If you’re a regular patron of Netflix‘s catalog, you’re likely not as new to the name Mike Flanagan as you may think. Flanagan has come out of the gate in the last ten years with relentless pace, giving to the world one genre gem after another. His mainstream debut Absentia caught fair amount of acclaim from horror devotees, but it was his 2013 release Oculus he garnered real attention. 2016 saw the release of three feature length releases (Hush, Ouija 2, Before I Wake) by way of distribution squabbles and delays. Then in 2017, his Netflix debut Gerald’s Game was a long anticipated release of one of the more divisive Stephen King stories.
With every entry thus far, Mike Flanagan has established an auteur sensibility within horror. It isn’t that he only has a snipers like precision looking through the lens, or crafts truly meaningful dialogue with ease. He’s also edited the majority of his features, which is a rarity among his peers at this level. Every last detail of Flanagan’s work carries weight to it. It’s his dedication to not just characters, but to the monsters and ghouls as well, both literal and figurative. The recognition that ghosts, monsters, and demons can take form outside of the movies, showing themselves in our everyday lives. They can take the form of grief, addiction, depression, loneliness, and guilt; and it’s with his latest, immense opus that explores all of these themes to a degree many can never unpack over their entire career.
The setting of the table is familiar at first. Flanagan’s loose adaptation of Shirley Jackson’s heralded novel scraps the book’s straightforward ghost investigation, however keeps in tact the Gothic inspired atmosphere and mood. In this iteration we meet the Crain family, who have taken over the infamous Hill House some point in the early 1990’s with aspirations of flipping the house and using the money earned towards building their dream home. Husband and father Hugh Crain (Henry Thomas) is a warm, caring figure in the family’s life, the kind of dad who won’t ever shy away from making a pass at trying fix anything and everything. Olivia Crain (Carla Guigino) is a tender, free spirited mother and wife, the driving force of the large family.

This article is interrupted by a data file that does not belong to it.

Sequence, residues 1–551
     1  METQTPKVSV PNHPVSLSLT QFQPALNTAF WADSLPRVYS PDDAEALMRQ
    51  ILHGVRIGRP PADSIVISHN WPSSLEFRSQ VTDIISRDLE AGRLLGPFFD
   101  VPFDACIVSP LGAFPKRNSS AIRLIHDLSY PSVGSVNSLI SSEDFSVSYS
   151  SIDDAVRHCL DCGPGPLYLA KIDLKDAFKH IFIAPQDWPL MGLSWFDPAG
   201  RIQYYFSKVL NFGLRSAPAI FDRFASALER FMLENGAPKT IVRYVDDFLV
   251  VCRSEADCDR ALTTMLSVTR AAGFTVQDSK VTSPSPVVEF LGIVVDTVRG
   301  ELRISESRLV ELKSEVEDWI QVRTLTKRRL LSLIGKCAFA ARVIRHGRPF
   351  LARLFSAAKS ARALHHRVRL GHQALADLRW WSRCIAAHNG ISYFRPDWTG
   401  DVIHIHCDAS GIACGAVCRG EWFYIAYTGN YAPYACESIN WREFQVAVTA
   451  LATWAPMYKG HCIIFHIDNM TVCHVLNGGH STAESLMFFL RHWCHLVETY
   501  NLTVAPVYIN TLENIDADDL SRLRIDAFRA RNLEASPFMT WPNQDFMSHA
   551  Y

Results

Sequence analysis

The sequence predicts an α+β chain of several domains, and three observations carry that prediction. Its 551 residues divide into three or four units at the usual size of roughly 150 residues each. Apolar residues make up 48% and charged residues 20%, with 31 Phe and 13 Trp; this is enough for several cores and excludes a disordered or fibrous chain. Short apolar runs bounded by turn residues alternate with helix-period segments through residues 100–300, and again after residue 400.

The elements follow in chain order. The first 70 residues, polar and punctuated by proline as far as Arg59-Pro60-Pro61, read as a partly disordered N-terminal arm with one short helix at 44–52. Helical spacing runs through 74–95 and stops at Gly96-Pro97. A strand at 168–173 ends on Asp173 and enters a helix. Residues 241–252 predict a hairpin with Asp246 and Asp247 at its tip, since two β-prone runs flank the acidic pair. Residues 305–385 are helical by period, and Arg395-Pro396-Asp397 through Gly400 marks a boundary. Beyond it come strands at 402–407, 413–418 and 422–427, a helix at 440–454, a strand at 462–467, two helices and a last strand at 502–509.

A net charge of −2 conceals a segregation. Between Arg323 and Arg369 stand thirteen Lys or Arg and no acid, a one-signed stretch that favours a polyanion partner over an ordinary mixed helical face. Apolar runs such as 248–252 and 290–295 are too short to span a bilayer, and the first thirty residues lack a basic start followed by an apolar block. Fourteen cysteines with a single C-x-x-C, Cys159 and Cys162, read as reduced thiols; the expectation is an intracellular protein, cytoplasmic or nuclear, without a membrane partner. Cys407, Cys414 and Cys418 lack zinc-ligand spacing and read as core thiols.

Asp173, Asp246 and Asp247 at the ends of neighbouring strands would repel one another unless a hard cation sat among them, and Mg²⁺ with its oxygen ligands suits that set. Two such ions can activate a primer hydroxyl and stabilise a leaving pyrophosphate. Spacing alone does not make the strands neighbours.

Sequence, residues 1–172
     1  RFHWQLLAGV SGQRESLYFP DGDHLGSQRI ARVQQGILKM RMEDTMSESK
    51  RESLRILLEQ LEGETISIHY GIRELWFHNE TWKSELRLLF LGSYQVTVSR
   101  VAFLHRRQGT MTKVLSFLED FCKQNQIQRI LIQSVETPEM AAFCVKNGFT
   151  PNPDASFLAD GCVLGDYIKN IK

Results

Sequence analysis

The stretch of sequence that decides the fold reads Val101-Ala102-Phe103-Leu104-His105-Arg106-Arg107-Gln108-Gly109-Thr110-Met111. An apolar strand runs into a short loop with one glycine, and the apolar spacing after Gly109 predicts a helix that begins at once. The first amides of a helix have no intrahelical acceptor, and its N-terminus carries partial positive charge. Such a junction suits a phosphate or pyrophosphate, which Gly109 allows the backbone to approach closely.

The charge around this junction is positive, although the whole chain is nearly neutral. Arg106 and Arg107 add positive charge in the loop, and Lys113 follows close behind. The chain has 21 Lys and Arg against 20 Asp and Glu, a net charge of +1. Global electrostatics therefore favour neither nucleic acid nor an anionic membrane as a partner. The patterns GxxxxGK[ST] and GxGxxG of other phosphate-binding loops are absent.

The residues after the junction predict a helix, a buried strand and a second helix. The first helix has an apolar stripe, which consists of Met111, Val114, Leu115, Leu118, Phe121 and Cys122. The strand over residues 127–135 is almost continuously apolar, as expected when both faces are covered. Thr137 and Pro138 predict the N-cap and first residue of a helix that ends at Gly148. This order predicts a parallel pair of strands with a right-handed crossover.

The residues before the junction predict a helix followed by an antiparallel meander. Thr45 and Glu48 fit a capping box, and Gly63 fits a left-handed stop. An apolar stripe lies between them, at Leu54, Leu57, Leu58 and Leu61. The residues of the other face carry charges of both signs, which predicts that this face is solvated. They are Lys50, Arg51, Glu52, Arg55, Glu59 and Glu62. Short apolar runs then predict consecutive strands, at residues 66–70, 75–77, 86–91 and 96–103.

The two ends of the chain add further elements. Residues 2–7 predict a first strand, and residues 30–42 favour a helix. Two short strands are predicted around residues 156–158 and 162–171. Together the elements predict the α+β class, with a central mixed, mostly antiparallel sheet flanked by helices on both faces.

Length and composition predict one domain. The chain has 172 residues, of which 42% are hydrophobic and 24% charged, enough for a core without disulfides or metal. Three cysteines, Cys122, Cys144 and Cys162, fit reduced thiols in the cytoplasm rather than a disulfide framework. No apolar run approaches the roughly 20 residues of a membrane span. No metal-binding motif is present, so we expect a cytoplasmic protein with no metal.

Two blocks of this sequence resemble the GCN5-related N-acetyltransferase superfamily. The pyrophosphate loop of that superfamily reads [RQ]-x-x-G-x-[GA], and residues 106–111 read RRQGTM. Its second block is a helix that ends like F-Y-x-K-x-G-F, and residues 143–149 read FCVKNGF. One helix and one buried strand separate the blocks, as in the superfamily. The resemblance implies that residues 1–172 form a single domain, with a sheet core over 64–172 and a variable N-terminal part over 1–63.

The oldest of the five children, Steven Crain (Paxton Singleton) is trying his best to understand his role as the big brother. The next in line is Shirley (Lulu Wilson), who seems to carry the typical chip on her shoulder as with many that find themselves a middle child. Theo (Mckenna Grace) seems to carry the most awareness Hill House’s hostility and history. She also wears gloves at all times, which coincides with a special ability she tries to keep at bay we’ll learn later on. The youngest of the children are a set of fraternal twins Luke (Julian Hilliard) and Nell (Violet McGraw). The twins of course have the strongest connection, basically inter dependent as well as capable of literally feeling what one another feels to a certain extent.
The story is told in two time periods and non-chronologically. We get the set up of when the family lived together for a short time in Hill House in the past, and we see the kids grown up in modern day. From the first introduction of their adult selves, it’s clear that damage has been done to this family dynamic, and there’s varying stress and issues with them all. Steven (Michael Huisman) has kick-started a career as a horror writer, using his experiences from his past to inspire him. Shirley (Elizabeth Reaser) owns and operates a funeral home, which will be the primary location for arguably the best episode in the series. Theo (Kate Siegel) has flourished to obtaining her Ph.D in Psychology, and feels like somewhat of a loner, failing to form much deep connection, perhaps out of fear.